But it’s the only house I’ve got
And it’s a home full of love and memories
I’m driving around in a car with  a big dent
But it’s the only car I’ve got
And it gets me where I need to go
Going back to work on Monday is hard
But it’s the only job I’ve got
And I know many do not have a job at all
My family can drive me crazy
But they are the only family I’ve got
I can’t imagine what I’d do without them
Sometimes I don’t like what God allows in my life
But He’s the one and only God
And I know He knows best

This is just a silly poem that I thought of last night as I was laying in my bed complaining in my heart about some minor irritation. I was suddenly hit with the thought: what if that person was no longer in your life? That thought immediately changed my feelings from irritation to overwhelming gratitude. I thought of how blessed I am, not only in that relationship, but in so many ways.

But when we focus on the negative, we have a hard time finding those blessings. So today, let’s flip flop it. When a negative thought wants to surface about your situation or a family member or your house or your car or a friend, take a moment and think about what your life would be like without them. Sometimes–for the little stuff–that is enough to put your world back in perspective.

But if it’s not and there is a genuine problem to be solved, bring a heart of gratitude for the blessings you do have and for what the Lord is teaching you. This will serve as an encouragement and a help as you work through the problem.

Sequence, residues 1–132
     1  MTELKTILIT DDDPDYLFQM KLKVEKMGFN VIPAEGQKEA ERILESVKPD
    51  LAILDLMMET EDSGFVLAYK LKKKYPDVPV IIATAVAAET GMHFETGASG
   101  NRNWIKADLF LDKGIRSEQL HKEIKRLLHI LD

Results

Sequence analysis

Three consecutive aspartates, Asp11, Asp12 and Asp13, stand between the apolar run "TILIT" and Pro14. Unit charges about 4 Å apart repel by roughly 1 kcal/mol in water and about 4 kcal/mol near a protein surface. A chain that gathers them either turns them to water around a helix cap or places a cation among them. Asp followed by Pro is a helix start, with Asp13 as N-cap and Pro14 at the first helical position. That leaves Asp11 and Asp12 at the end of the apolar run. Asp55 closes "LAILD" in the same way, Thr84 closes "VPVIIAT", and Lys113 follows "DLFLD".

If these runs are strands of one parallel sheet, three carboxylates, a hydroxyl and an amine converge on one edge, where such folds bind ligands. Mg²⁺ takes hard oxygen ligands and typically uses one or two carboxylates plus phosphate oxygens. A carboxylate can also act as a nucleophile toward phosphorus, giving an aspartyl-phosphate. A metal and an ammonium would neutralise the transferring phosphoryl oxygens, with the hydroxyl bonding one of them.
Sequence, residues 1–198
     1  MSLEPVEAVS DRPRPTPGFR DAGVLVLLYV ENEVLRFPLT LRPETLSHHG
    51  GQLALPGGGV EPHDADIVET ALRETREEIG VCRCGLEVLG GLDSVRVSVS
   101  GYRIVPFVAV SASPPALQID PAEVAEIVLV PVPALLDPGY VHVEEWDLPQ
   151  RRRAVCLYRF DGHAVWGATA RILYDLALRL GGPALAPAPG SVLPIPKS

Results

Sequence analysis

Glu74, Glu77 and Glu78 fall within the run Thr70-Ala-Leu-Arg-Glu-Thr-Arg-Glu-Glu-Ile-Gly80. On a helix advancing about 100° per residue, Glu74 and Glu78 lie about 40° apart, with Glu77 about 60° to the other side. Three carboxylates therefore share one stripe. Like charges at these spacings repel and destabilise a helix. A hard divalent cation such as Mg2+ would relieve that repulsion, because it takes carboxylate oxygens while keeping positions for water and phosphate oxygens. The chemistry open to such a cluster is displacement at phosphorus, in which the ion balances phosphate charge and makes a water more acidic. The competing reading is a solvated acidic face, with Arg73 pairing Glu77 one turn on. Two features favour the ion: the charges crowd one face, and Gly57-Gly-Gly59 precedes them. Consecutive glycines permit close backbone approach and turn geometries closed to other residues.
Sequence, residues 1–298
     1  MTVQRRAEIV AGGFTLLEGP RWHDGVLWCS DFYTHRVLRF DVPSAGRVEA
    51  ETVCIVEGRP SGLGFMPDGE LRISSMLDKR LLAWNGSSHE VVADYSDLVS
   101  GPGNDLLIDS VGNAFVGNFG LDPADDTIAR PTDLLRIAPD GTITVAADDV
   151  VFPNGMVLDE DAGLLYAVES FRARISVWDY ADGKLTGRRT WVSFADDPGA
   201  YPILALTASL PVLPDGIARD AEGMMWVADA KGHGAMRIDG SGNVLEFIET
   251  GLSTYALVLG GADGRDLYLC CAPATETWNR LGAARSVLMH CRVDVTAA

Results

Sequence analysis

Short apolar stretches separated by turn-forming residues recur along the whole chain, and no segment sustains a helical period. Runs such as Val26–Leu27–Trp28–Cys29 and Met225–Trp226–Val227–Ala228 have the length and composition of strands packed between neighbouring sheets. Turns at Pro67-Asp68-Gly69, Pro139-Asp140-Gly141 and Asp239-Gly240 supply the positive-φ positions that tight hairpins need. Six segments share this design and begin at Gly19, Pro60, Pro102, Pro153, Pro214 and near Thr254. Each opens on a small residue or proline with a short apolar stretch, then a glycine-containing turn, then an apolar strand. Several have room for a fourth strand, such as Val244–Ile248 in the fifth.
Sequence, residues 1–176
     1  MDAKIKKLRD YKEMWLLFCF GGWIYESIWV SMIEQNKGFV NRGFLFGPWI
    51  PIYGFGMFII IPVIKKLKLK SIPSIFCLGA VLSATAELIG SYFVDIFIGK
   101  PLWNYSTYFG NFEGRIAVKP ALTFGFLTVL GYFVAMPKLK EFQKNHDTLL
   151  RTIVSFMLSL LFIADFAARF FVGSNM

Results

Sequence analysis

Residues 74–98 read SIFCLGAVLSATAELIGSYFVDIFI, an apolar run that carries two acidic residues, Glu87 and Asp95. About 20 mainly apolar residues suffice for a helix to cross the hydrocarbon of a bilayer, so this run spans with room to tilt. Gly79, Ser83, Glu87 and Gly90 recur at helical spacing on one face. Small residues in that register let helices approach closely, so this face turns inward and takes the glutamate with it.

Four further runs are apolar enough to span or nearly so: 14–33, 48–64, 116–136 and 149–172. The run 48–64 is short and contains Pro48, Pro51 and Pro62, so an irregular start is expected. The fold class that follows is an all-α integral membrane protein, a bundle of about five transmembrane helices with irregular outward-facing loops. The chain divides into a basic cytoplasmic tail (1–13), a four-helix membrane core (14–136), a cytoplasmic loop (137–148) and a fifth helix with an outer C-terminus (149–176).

I know I’ve written on this topic many times before. But, as my thoughts showed me last night, I still have a long way to go. And, just in case I am not alone, I didn’t figure it would hurt to write a reminder for myself and anyone else who needs it!

Psalm 79:13  So we, Your people and sheep of Your pasture, Will give You thanks forever; We will show forth Your praise to all generations.



My Compass in Uncharted Territory

954282_65316292 (1)After a busy, busy weekend, I was completely exhausted. I decided to turn on the TV. One of my favorite shows from the 90s was on. It was almost over, but I made myself comfortable and started to watch. I laughed at the family dynamics that are so part of any household.

One of the boys, on the cusp of teenager-hood, had done something really stupid. As the credits rolled, the parents joked about how their moms had wanted them to have kids just like them and now it had happened. It was funny and everyone was laughing.

But then the Dad said, “Seriously, what are we going to do?” He was wondering how they were going to handle this boy as he grew into an adult. The Mom put her arm around Dad and said, “Well, we just be the best parents we can be.”

I was immediately struck by what was missing. There was no God there. No power higher than themselves as they struggled through this journey of raising kids. They were relying on themselves alone.  It made me feel empty….for them.

Oh, I know it was just a television show.  But millions of parents around the world approach parenting this same way. They have no lifeline, no Helper, no power outside themselves.

I guess before seeing that little clip on TV, I had never thought about just how precious prayer is in the raising of our kids.

I mean I mess up–all the time. I am growing every day, but I still have such a long way to go. I can’t imagine approaching raising kids without a Heavenly Father to go to for comfort, for answers, and for grace.